July 16, 2008 / 11:55 AM / 11 years ago

FACTBOX: Zimbabwe's economy in freefall

(Reuters) - Zimbabwe’s annual inflation rate, already the highest in the world, has hit 2.2 million percent, central bank Governor Gideon Gono said on Wednesday.

Here are some details on Zimbabwe’s inflation milestones and government efforts to control it.

INFLATION’S RISE:

— Zimbabwe’s annual inflation rose above 1,000 percent in April 2006. Official statistics showed the annual inflation rate at a record 1,042.9 percent after 913.6 percent in March.

— Annualized inflation stood at 3,713.9 percent in April 2007, a monthly rate of increase of 100.7 percent, according to official government data.

— Inflation slowed in August to 6,592.8 percent from 7,634.8 in July after a price freeze was instituted, but leapt to a record 7,982.1 percent in September.

— The December 2007 figure had risen to 66,212.3 percent, and by January 2008 it hit 100,586 percent but economic experts said the actual figure was higher.

— April 2008, the Central Statistics Office reported that in February 2008, the figure stood at 164,900.3 percent.

— In July 2008 the Central Bank Governor said it is now at 2.2 million percent. Gono said that some independent economists say inflation is 7 million percent annually but the CSO (Central Statistical Office) says 2.2 million percent.

REACTION:

— When inflation hit 1,000 in 2006, Zimbabwe was in its eighth year of recession and had the fastest shrinking economy outside a war zone, according to the World Bank. It also had the highest inflation rate in the world.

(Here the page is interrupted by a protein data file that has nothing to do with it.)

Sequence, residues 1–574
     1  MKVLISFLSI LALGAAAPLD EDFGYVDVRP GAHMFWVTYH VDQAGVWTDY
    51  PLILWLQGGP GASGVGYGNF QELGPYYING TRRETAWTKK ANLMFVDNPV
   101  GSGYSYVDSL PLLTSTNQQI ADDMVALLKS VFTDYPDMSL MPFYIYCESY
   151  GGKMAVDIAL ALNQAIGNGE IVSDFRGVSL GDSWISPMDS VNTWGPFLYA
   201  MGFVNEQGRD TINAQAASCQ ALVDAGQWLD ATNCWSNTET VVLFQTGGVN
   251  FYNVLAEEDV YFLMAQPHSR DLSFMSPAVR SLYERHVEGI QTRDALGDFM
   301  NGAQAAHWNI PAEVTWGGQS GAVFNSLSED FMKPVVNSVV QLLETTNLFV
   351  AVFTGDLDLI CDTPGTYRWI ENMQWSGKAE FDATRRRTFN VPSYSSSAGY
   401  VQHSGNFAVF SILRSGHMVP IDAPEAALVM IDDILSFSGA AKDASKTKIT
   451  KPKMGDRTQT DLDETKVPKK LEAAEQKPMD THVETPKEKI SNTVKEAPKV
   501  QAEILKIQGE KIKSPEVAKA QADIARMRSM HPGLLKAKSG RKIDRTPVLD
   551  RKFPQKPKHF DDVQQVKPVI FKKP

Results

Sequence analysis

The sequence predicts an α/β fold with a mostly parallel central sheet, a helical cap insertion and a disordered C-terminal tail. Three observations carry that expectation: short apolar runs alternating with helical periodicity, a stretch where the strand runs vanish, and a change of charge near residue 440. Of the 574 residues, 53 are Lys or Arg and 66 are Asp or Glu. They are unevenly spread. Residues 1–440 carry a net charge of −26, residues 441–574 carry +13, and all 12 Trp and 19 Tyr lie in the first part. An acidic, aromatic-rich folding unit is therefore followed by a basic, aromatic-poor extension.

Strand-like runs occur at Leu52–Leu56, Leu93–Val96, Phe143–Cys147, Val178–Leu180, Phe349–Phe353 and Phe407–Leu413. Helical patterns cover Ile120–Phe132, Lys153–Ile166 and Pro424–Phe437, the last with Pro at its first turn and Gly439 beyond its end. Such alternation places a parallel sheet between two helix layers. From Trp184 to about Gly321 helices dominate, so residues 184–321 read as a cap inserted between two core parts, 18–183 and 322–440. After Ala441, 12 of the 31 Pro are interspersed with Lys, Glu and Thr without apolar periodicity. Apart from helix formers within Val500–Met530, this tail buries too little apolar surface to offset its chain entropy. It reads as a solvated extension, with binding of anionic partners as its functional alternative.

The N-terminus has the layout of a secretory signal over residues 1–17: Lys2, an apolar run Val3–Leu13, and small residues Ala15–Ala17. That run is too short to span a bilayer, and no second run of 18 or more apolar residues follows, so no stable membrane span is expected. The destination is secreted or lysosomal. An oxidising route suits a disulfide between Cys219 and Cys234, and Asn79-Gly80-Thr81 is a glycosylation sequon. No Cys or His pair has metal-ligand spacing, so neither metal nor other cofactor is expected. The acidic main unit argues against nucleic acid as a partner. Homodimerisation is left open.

— The Reserve Bank of Zimbabwe (RBZ) ordered redenominated notes in July 2006 to combat black marketeering and hyperinflation, lopping three zeros off the local dollar.

— The government instituted a price freeze in June 2007, followed two months later by wage freeze.

— The RBZ introduced new higher value banknotes early in 2008 which, however, failed to ease a cash shortage that has kept commercial banks busy with long queues of desperate residents wanting to withdraw money.

* HOW BAD CAN IT GET?

— The United Nations Food and Agriculture Organization and World Food Program estimated in a report last month that 2.04 million Zimbabweans risked hunger in the coming months, “peaking at about 5.1 million at the height of the hungry season between January and March 2009”.

— The report saw maize output in 2008 falling 28 percent from 2007 to 575,000 tonnes and domestic cereal supply down 40 percent at 848,000 tonnes.

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